Cambodian garment workers lost an estimated $109 million in wages during the pandemic lockdowns in April and May, according to calculations by Cambodian trade unions and the Clean Clothes Campaign.
Zurich-based labor rights group Public Eye termed the losses “wage theft” noting in a statement that some of the biggest brands continued to pull in hundreds of millions of dollars in profit even as workers were deprived of pay.
“Unions and activists call on international brands to pay workers’ full wages throughout the duration of the pandemic and sign an enforceable agreement to prevent future pay theft,” Public Eye said.
The union groups made their calculation based on projections from measuring losses among workers at 114 factories. “Combined with outstanding wages and severance pay from the first 13 months of the pandemic, the total amount owed to garment workers in Cambodia is estimated to be a total of $393 million,” said the statement.
While the report highlights Cambodia’s biggest brands, including VF, Target, Nike and Gap, it noted that Adidas is “linked to the largest wage theft in the factory sample: the losses inflicted on 30,190 workers across eight Adidas supplier factories since the beginning of the pandemic adds up to $11.7 million, or $387 per worker.” During the first quarter of 2021, Adidas earned $650 million in profits, said the report.
“Other brands linked to the largest amounts of wage theft in the sample are VF Corporation (US$ 7.7 m), Target (US$ 7.6 m), Nike (US$ 7.5), and Gap (US$ 6.7 m). In comparison, the ten companies most frequently linked with suppliers in the wage-theft sample had a combined total of more than US$ 4.7 billion in net earnings from the first quarter of 2021 alone,” noted the statement.
In response, “several brands have played down their individual responsibility to ensure proper payment to all workers in their supply chain…”
Pav Sina, president of Collective Union of Movement of Workers (CUMW), said factories had set aside no budget to pay workers during pandemic-related factory closures. Brands had not given them any extra funds to do so.
“Factories do not pay any money to workers while they were suspended or they were locked down for the COVID-19 pandemic, so workers lost their income,” Sina said.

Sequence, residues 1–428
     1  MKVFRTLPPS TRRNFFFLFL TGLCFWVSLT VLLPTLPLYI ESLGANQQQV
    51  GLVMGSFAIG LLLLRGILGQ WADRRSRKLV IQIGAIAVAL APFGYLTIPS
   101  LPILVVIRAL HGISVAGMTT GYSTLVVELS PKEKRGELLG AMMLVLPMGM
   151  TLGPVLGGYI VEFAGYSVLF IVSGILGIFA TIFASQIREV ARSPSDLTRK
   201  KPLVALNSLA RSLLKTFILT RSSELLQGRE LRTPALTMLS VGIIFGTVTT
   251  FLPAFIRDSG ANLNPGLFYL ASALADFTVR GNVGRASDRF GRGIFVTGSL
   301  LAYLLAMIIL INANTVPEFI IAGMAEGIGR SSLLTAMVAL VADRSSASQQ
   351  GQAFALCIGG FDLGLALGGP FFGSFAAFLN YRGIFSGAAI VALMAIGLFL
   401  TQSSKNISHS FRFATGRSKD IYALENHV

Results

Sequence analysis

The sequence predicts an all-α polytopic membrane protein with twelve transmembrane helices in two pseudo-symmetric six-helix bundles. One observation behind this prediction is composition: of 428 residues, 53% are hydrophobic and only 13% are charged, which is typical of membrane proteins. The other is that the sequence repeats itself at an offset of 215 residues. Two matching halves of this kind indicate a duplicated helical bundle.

Sina said that throughout the pandemic many unions in Cambodia have requested factory owners and brands to provide some money to support workers impacted by the pandemic.
“We have been having a universal campaign to ask buyer companies to release some budget to lessen the impact on workers during COVID-19 pandemic because in the past, some factories were closed but the factories did not pay workers,” he said. “If they do not [supply funds], it means that they do not think about the workers’ impact but they think only about their income.”
Khun Tharo, a program coordinator at labor rights group CENTRAL, echoed Sina’s call, saying brands should do more to ensure factories are following labor guidelines and should set aside funds to pay those who aren’t allowed to work during pandemic lockdowns.
“They have to consider subsidizing wages to workers who are facing job suspensions during lockdown,” Tharo said. “They must work to support their suppliers to establish social support assistance to workers that make their products during this period.”
He stressed that the government should prioritize health and safety first for workers, and continue lockdowns when needed.
“The government should consider having the factory suspend its operation for at least for two weeks [when an outbreak occurs] to prevent the transmission from one workplace to another workplaces and they should make sure workers get their full wages during the suspension period,” said Tharo.
Heng Sour, Labor Ministry’s spokesman said in a message that he didn’t have any direct comments on the report but noted that even if workers lose pay in a lockdown it’s better than losing their job.
“Globally in 2020, we see the rise of unemployment and the decline of income. Anyway, among the worst, being able to keep a job is better than unemployment,” he said.
Nguon Channara, deputy secretary general of Cambodia Footwear Association , said he wasn’t familiar with the survey but noted that all parties have faced difficulty during COVID-19 pandemic.
“I do not know the ability of buyers to provide [workers wages] or not but our factories provide some budget based on our ability,” he added.
Van Sou Ieng, president of Garment Manufacturers Association of Cambodia, said it was unrealistic to ask brands to pay wages when factories are closed during the pandemic as they face their own difficulties.
“Buyer [paying] is not so easy, please do not misunderstand,” Sou Ieng said. “They just request but no result.”
But for workers struggling far more than factory owners or brands, the loss of a few hundred dollars a month has had an enormous impact on their survival, they said.
Long Sarem, 39, a garment worker at a factory in Phnom Penh’s Meanchey district, which was locked down for more than one month, said that during lockdown she received $40 from the government but nothing from her employer.
“I did not receive any assistance from the factory while I met difficulties during the lockdown,” she said.
She said that since the factory reopened, her salary has decreased from more than $300 to around $200 because the factory could no longer offer her extra hours. “Even when COVID-19 is spreading we still owe the same fees for rental rooms, electricity and water, so we still meet difficulties for our living,” said Sarem.